Some time ago, we have decided to break with the past, and raise the quality of our products to higher standards. This came at a time when ScanaPlus-x (the successor of ScanaPLUS) was almost ready for production. In this blog post, I'll be explaining some of the technical details that made us reconsider the launch of the product.
Some may think that the input stage of a logic analyzer is a simple circuit with some logic buffers IC. While this may work in an idealistic world with low frequency signals that are perfectly square shaped, it won't work as well with "real world" signals, that have a certain amount of noise and relatively low rise and fall times.
As a matter of fact, a good input stage of a "digital" logic analyzer is very much an "analog" circuit, with amplification stages, level shifting hysteresis control, and analog bandwidth limits that need to be thoroughly studied.
As a side note, developing IkaScope oscilloscope gave us a huge experience in analog signal conditioning circuits, and we decided to re-build ScanaPlus-x input stage upon that know-how that we gained.
At the moment I'm writing those words, my team is currently testing and characterizing an input stage having those features:
- 100KΩ // 4pF target impedance (to disturb measured signal as little as possible)
- Large functional input range of -15V to +15V. By functional range, we mean that the signal is not clipped within that range, and the device can differentiate between a -5V and a -7V voltage level for example.
- Adjustable logic thresholds withing the range of -7V to +7V
- Adjustable hysteresis
- Threshold and hysteresis can be different for every channel
- Analog Bandwidth well beyond 50MHz
You may notice we have put a great deal of effort into building an adjustable hysteresis system for each and every input channel. There's a reason for that. Hysteresis is one of the things that highly affects the quality of a captured signal. An input system with non-existing hysteresis will have glitches around signal transitions. Not very well configured hysteresis will affect the timing precision of captured signals (a perfectly square clock signal may look like a rectangular signal). Only a finely tuned hysteresis circuit will allow a signal to be captured with utmost fidelity.
We really wanted to build the perfect input stage that can be configured to match differential signaling like CAN or RS485. While most CAN signals can be "tricked" into being captured with standard logic inputs, a real CAN-compliant input stage must take into account variation of common mode voltage of the CAN bus. For instance, most CAN buses will operate at a common mode voltage of 2.5V, but there is no guarantee whatsoever that this will always be true. Even during a single CAN frame, the common mode voltage may dramatically swing. Our better understanding of differential signals and our experience over the past few years led us to reconsider the differential input stage of ScanaPlus-x, even if it meant delaying the launch date of the product.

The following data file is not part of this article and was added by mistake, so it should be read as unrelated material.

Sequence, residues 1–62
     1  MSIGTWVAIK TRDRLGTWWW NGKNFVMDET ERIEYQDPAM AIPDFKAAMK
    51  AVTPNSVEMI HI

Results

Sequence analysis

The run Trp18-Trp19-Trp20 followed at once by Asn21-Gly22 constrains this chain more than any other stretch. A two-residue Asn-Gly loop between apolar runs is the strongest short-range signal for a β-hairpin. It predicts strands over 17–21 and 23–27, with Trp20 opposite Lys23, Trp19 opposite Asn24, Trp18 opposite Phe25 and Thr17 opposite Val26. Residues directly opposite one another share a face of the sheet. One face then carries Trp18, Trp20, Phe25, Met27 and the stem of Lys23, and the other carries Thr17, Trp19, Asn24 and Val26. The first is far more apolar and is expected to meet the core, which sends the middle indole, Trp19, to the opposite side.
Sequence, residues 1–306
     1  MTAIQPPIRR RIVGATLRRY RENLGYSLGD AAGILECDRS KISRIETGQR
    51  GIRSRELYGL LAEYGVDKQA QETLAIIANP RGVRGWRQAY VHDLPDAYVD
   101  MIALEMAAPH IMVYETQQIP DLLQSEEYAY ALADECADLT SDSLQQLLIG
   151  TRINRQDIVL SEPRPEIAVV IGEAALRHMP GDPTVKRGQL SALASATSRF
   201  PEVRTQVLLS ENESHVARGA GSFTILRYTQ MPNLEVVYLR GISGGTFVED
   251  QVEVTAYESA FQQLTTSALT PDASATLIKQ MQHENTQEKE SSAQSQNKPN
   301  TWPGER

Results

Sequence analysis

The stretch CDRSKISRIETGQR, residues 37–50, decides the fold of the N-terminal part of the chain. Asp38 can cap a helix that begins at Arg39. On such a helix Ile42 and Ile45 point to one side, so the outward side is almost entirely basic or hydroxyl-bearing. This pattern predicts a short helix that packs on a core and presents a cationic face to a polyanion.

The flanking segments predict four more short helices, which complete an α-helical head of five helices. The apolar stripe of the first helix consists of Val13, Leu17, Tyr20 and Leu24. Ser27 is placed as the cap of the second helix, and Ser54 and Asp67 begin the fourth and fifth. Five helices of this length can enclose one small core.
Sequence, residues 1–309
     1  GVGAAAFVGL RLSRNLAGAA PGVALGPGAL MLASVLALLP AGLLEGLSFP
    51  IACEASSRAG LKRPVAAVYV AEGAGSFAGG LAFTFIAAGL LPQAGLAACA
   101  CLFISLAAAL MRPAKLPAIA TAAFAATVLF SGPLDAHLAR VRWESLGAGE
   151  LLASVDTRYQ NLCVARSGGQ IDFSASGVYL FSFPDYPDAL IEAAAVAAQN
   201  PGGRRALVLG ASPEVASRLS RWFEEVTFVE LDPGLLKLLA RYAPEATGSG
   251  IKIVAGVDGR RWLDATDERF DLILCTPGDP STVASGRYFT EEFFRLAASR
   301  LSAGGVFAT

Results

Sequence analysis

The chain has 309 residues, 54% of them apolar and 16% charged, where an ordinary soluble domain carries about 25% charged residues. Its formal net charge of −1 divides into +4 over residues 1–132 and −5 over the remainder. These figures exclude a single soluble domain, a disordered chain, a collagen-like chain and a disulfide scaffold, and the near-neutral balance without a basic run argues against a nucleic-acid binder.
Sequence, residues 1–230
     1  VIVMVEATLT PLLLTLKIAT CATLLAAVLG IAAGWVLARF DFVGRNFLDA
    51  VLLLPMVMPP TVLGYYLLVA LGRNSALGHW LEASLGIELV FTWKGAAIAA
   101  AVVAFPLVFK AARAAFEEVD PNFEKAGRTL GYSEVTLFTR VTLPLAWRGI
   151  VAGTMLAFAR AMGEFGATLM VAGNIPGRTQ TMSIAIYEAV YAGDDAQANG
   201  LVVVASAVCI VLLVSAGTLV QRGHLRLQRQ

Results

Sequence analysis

We have designed our own probes for SPx (ScanaPlus-x). That's right. We didn't just buy and package some of-the-shelf probes. We had a factory build the perfect probes according to our design and specifications. Our understanding of the market, and the usage of logic analyzers led us to believe that probes is one of the user's pain points. The probes are designed to give you a frustration free experience. We really hope you'll like them!
Here is a picture of the latest version of the probes, lying on my desk:
USB-2, compression, memory and Streaming
Here's an interesting set of information:
- USB-2 can practically transfer 20 MB/s, not much more.
- Signal Compression lets you overcome this bandwidth limit, by only sending an information when signal state is changing
- Signal compression will eventually fail if it has to deal with a high frequency toggling signal for a long period of time: At some point, buffers will fill up and USB throughput won't be high enough to empty them.
- Embedded memory on a USB logic analyzer is limited and finite.
Given that information, we decided to build a system that makes the best of two worlds: Streaming and compression.
SPx will compress signals and stream them to the host computer. If at some point in time, captured signal toggling frequency is too high for USB streaming throughput, an internal memory kicks in to allow for up to 16 000 unique transitions to be stored and transferred when USB throughput allows it. If despite all those efforts, memory fills up too quickly, SPx will stop capturing signals, and gracefully end the capture. It will also let the user know exactly where in the signals did the capture stop prematurely.
While this compression and streaming algorithm was actually developed and tested a while ago, we decided to push the performance further by adding a bigger FPGA with more embedded memory.